Part of the EyeWriter and of Project Daniel’s success had to do with the ease and affordability with which anyone could make these at home. Without releasing their designs open source and without the reduction and centralization of costs brought on by 3D printers, these projects wouldn’t have succeeded as they have. “This is like a story that never ends, so people tell it and then someone else picks it up and keeps telling it in a new way, or a different way and they make modifications,” said Ebeling.

Not Impossible Labs is also driven by volunteers. “We have a slate of projects and those projects start and stop based on the volunteers that come on board to them and [some] projects haven’t taken off nearly as much as some of the other ones,” says Ebeling. “When you have things that are crowd-sourced you have to go with the whims and the interest because the crowd very much dictates how things evolve.”

[Grander Designs]

Mick Ebeling has become a celebrity of sorts. He is asked to speak at events and conferences around the world, he has a TED talk, Simon and Schuster published book of his coming out in early 2015, and will give the commencement address at a UCSB graduation ceremony next year. Despite the impact of the projects he takes on with Not Impossible, his ambitions seem to extend beyond healthcare. “What we’re doing at Not Impossible is work that we believe is going to help evolve our planet, but we’re also not a non-profit,” says Ebeling. “We figured out ways to do this and to create global change and to be able to create something that is sustainable and self sustaining. And that’s something that I’m probably most proud of right now: we’re on the verge of a new type of thinking within business right now - that doing good can be a good business.”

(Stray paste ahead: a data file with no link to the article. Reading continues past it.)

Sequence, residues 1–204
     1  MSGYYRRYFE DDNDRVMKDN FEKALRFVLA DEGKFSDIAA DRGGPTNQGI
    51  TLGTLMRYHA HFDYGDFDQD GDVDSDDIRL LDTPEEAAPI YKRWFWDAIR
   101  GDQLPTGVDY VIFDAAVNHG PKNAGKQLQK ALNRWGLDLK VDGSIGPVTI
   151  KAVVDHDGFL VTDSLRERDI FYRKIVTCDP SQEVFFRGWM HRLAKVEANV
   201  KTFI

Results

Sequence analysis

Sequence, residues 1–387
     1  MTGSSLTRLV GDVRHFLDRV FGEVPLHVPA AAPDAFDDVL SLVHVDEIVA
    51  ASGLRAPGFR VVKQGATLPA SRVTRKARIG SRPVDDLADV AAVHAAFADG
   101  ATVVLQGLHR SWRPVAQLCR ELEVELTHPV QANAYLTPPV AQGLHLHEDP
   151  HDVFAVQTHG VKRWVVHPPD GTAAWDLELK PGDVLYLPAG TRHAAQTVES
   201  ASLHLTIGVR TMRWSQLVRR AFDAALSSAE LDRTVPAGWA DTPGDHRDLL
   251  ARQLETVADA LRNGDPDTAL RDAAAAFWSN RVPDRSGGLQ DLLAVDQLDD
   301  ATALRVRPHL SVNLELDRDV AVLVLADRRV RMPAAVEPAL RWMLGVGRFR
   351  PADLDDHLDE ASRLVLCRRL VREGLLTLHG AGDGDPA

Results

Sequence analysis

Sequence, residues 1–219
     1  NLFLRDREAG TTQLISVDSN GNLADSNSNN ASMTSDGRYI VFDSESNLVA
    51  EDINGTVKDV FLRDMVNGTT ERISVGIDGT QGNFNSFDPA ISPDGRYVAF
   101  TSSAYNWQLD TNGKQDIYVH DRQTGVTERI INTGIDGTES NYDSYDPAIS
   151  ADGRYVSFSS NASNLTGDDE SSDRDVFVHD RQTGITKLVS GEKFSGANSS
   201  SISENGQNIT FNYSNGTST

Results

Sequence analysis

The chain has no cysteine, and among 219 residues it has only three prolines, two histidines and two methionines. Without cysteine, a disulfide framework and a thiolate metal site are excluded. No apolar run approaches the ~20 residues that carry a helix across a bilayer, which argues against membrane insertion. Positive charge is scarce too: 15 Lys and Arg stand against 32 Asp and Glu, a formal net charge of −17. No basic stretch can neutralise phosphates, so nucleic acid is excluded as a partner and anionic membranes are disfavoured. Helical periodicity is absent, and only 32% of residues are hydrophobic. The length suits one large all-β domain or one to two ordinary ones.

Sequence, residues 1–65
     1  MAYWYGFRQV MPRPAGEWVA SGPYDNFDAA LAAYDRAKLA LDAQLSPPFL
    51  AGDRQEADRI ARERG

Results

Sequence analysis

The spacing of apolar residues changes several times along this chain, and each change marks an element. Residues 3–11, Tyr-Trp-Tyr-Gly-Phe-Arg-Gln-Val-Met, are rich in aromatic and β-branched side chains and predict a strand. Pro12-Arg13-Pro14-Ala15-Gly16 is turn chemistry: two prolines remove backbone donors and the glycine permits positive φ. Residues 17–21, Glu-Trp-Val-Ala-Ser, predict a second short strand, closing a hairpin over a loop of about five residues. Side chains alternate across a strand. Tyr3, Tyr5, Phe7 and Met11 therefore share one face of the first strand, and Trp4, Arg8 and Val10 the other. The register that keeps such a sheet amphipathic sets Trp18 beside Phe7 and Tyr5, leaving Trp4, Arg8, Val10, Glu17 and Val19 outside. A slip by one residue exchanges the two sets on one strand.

Success is attainable, Ebeling advises a new generation of Gauchos, “as long as you’re driven, as long as you work hard, you do good, you be nice, and you, you know, work hard again.” “Knowing that everything is possible is a pretty great way to wake up every morning.”

All photos courtesy of NOT impossible [labs].